From the Ask Tom mailbag –
We are working on the structure of our accounting department. We have a comprehensive list (spreadsheet) of ALL the tasks that need to be completed from daily transactions, to weekly flash reports, to monthly financial statements, to quarterly reports and annual compilation activities. But all this work keys around, seems to be performed by one individual, the accounting manager. We have two additional people in that department, but we need help figuring how to distribute the work to the right person.
This is an accounting department, but the same principle applies, no matter the discipline. The futile approach would ask “Can this person do this and can that person do that?” The result would be a helter-skelter mish-mash of who would be accountable for what. It might help, but you would remain in a state of disorganization. Especially where you have a spreadsheet of tasks, enough to go around for three people in your accounting department, you need a systematic way of figuring this out. This is not complicated.
You say you have a spreadsheet. As comb through the list of tasks, the central question is to identify the Level of Work. Add a column in your spreadsheet that identifies the Level of Work (LOW) for each task. Your Accounting Manager needs to self perform those tasks at S-III and delegate S-II and S-I tasks.
S-I – Clerical, transactional input from coded paperwork, proofing batch transactions for accuracy, printing reports and schedules. This would include A/P and A/R data entry, timesheet entry, including job cost transaction input for labor and materials. Matching paperwork from work orders and POs to invoices received from vendors. Collecting, sorting and filing required paperwork to support higher level decisions related to disbursements or billing activities. [Scope of task assignments range from (1) day to (1) week to (1) month with no task assignments longer than (3) months].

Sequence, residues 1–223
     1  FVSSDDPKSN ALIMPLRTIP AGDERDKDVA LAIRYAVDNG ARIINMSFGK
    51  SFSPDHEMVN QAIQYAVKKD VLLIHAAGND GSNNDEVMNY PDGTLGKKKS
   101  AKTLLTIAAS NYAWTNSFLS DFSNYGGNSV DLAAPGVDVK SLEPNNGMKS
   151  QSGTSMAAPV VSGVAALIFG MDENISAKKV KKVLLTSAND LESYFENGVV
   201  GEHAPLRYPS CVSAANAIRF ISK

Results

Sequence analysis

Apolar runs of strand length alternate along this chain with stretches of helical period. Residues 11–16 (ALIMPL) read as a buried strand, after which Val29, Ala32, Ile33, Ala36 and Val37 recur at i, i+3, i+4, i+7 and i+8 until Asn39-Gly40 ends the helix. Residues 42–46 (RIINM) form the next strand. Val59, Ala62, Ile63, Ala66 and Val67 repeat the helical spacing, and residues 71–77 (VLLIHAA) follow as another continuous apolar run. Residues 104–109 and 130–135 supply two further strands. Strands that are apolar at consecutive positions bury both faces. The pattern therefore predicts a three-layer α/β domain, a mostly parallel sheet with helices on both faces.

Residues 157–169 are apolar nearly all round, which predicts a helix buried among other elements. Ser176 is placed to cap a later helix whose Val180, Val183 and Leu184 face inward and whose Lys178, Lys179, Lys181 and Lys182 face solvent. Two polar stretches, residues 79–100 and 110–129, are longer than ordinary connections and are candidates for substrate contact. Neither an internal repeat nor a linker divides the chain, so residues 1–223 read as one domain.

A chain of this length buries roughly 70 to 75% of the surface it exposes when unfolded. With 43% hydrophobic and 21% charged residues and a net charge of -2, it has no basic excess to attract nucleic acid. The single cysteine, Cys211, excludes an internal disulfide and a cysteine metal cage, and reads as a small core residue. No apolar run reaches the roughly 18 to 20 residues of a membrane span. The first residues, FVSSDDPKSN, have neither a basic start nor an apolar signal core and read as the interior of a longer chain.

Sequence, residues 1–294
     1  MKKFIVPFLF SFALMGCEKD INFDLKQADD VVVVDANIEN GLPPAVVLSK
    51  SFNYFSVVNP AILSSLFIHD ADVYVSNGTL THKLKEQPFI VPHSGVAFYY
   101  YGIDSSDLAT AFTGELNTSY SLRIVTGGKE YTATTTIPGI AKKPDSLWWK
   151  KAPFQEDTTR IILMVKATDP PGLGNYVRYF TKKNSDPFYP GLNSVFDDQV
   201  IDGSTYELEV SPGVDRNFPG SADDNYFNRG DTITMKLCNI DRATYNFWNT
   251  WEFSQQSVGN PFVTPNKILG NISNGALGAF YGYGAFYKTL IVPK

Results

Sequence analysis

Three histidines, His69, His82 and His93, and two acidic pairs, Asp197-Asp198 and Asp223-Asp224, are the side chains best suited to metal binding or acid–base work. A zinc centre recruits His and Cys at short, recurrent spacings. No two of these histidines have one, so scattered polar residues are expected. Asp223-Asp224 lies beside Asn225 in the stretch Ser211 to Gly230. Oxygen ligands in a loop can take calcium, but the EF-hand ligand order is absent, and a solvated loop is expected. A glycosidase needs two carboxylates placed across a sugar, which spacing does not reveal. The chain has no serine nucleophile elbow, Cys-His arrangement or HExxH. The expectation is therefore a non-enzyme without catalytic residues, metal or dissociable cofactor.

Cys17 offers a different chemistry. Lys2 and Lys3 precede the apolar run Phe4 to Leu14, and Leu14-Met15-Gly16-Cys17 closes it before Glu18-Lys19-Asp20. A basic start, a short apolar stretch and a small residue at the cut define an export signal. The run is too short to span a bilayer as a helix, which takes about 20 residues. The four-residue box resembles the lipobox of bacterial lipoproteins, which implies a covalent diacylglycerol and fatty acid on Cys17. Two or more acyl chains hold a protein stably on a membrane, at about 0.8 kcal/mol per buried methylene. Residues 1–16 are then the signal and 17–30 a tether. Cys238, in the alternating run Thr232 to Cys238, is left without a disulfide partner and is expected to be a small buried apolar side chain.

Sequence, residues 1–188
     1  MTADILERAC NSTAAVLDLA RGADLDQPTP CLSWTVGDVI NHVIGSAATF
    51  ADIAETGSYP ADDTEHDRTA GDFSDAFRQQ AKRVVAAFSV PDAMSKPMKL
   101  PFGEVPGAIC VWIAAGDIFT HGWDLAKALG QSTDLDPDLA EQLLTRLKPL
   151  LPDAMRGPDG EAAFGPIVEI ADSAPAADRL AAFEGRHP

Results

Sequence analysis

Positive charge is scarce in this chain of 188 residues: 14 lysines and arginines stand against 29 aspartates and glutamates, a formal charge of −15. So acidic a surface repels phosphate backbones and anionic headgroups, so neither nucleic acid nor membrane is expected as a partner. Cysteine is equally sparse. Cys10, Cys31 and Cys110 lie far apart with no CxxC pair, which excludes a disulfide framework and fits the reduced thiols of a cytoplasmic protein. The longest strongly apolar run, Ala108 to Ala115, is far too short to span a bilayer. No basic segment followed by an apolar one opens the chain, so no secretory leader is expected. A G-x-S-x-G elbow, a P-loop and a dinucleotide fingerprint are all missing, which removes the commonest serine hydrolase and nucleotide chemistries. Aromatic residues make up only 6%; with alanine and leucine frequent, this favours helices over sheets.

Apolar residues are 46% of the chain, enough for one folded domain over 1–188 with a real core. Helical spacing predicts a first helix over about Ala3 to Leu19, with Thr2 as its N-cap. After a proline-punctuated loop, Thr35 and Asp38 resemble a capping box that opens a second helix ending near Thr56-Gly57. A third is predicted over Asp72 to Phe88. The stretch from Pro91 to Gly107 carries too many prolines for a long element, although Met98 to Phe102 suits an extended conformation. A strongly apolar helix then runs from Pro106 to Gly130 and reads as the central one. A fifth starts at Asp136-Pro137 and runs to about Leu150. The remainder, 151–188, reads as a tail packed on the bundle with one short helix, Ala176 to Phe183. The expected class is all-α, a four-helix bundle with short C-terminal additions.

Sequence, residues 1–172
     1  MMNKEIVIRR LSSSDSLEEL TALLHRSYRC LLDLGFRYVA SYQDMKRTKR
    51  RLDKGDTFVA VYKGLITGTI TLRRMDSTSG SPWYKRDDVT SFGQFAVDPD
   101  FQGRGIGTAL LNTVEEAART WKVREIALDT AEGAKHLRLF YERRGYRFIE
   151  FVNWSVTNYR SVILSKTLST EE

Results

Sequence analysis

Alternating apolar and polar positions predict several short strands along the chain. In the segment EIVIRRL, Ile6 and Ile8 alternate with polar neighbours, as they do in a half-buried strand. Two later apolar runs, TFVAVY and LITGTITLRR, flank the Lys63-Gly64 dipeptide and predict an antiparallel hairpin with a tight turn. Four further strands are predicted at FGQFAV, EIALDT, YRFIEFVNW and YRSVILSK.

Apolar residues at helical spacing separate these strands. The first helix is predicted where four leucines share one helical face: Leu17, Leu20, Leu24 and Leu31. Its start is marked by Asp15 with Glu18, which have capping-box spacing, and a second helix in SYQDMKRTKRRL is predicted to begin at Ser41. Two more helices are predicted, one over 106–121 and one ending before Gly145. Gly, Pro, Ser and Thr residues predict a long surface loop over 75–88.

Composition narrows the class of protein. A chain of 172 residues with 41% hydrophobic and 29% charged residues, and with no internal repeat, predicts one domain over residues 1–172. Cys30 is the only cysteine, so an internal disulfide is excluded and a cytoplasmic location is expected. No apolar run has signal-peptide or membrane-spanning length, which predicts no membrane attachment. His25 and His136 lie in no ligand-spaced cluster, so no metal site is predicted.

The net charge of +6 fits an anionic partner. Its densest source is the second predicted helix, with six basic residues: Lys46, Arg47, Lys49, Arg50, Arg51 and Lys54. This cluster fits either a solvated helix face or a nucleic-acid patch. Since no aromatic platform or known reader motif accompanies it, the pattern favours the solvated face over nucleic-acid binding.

S-II – Coding paperwork (making decisions) for transactional input, coding job costs of materials and labor including split allocations according to formula or system criteria created by manager. Reconciliation of accounts to workpapers. Second level review of transaction input from S-I activities. Compilation activities of reports and schedules required for routine reports for accuracy, completeness according to a publishing schedule created by manager. [Scope of longest task assignments range from (3) months to (12) months].
S-III – Creation of systems for all accounting functions, including documentation of steps, checks and balances, reconciliation points, review steps, identification of thresholds, risk assessment, and operating parameters. Third level review (signature) of transaction schedules for execution of disbursements (cash), movement of cash and cash management. Forecasting and budgeting. Cross-functional work with departments and divisions to support the financial analysis required for operational decisions (bid profitability, bid qualifying, project budgets, work-in-process, milestone completions, payment apps, collections). [Scope of longest task assignment range from (12) to (24) months].
You can flesh these guidelines out to assist in identifying the Level of Work in each line of your spreadsheet. Once the Level of Work is defined, it is easy to determine what tasks the Accounting Manager must self-perform and what tasks can (should) be delegated to appropriate team members.